The FLOSSpols project deals with policy aspects of free / open source software.
The project has recently published a new deliverable, An Economic Basis for Open Standards, in which they define the openness of a standard relative to the market in which implementors of that standard compete: Open standards: a natural monopoly arises (de facto) or a monopoly is defined and agreed upon (de jure) in a technology, but the monopoly in the technology is accompanied by full competition in the market for products and services based on the technology, with no a priori advantage based the ownership of the rights for the rights holder.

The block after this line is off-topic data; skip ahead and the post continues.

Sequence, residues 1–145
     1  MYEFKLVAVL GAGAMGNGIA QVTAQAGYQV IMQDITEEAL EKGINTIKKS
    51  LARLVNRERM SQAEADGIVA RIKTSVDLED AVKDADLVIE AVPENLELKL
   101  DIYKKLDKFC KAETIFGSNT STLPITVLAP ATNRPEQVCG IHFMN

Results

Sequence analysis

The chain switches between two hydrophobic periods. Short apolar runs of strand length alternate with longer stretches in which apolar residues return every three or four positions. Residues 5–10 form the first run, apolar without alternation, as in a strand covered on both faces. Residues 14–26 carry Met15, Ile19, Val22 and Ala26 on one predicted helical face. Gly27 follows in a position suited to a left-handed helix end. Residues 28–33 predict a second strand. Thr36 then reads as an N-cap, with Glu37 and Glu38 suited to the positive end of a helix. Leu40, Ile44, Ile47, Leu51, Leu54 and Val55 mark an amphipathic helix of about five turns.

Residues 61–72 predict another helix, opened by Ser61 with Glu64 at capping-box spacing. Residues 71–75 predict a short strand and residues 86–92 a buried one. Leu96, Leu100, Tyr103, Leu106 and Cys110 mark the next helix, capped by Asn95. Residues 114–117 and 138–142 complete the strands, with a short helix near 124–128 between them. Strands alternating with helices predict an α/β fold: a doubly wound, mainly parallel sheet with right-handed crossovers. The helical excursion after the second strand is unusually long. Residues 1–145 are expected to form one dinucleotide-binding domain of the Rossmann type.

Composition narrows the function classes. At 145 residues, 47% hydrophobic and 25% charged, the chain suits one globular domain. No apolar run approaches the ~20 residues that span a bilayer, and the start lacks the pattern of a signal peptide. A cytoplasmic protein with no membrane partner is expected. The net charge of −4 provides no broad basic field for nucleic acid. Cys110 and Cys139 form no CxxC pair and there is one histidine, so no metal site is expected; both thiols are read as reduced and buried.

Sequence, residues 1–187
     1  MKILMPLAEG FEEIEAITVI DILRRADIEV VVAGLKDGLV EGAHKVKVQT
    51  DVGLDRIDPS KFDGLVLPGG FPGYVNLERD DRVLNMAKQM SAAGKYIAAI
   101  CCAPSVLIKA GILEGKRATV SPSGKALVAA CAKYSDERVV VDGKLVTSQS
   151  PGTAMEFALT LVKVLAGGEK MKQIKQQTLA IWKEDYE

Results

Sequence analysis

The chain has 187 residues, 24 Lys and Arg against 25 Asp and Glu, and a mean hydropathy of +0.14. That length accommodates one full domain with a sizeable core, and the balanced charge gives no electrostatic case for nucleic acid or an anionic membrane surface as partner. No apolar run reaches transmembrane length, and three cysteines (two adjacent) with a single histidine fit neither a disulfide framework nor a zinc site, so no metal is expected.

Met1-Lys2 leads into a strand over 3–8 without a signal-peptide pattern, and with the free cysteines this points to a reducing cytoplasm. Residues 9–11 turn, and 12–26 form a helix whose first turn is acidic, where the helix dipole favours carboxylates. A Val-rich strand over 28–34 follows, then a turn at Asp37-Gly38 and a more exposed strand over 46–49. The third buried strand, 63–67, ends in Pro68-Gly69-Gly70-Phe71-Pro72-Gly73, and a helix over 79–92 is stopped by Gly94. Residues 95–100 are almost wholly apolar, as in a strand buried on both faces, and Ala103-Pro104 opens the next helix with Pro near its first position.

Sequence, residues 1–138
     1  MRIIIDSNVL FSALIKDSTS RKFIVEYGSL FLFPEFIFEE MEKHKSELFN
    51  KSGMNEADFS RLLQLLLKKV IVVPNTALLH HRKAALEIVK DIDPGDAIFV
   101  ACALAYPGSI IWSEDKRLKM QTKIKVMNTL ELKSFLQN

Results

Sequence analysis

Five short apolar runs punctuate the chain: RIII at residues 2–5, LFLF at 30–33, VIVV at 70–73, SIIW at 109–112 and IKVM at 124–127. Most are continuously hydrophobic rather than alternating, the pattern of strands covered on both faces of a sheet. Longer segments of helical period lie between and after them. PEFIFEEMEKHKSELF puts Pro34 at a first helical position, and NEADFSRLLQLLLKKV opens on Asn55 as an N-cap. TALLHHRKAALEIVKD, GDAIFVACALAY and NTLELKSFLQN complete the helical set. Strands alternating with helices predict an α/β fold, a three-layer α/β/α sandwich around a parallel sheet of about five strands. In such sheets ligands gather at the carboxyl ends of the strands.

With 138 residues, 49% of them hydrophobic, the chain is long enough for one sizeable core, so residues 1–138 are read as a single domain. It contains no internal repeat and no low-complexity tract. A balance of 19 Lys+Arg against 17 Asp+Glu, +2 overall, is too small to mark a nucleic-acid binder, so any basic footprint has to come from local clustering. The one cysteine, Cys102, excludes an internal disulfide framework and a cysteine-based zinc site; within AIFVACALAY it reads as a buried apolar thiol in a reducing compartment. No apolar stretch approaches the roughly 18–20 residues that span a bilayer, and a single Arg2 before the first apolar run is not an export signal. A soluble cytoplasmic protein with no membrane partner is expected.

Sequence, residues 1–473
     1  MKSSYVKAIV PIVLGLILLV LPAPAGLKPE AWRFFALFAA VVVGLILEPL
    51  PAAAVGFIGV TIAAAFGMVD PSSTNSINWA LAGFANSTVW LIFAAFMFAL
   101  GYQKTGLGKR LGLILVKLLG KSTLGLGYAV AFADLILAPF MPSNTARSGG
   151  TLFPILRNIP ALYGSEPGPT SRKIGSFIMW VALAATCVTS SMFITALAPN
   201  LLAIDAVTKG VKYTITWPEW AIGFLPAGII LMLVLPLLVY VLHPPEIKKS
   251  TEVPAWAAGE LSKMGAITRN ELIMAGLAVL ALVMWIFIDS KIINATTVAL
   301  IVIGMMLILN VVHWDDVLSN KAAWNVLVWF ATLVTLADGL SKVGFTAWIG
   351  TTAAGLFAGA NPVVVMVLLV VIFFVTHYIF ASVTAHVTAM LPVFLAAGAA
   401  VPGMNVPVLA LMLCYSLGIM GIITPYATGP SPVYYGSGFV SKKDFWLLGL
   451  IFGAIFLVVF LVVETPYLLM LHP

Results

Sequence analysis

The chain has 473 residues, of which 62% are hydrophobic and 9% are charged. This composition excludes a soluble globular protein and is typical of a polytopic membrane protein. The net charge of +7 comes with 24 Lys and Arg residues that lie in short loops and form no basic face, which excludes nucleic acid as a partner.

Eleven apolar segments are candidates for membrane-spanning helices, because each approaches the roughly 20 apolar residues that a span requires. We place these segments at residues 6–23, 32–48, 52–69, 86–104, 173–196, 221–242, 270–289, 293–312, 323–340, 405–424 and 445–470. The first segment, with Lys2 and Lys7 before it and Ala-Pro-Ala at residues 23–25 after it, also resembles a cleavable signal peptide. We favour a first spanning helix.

This notion is then applied to the GSM market (with high costs of market entry) and the word processing market (where a proprietary product is dominant, and the most relevant competitor is open source). These differences between the two markets then lead to different notions of what "openness" means for a standard in either of these markets.
In another part of the document, some immensely useful and reasonable requirements for public procurement are derived from this economic analysis.
Overall, this deliverable is a good example for the power of economic thinking, and well worth reading.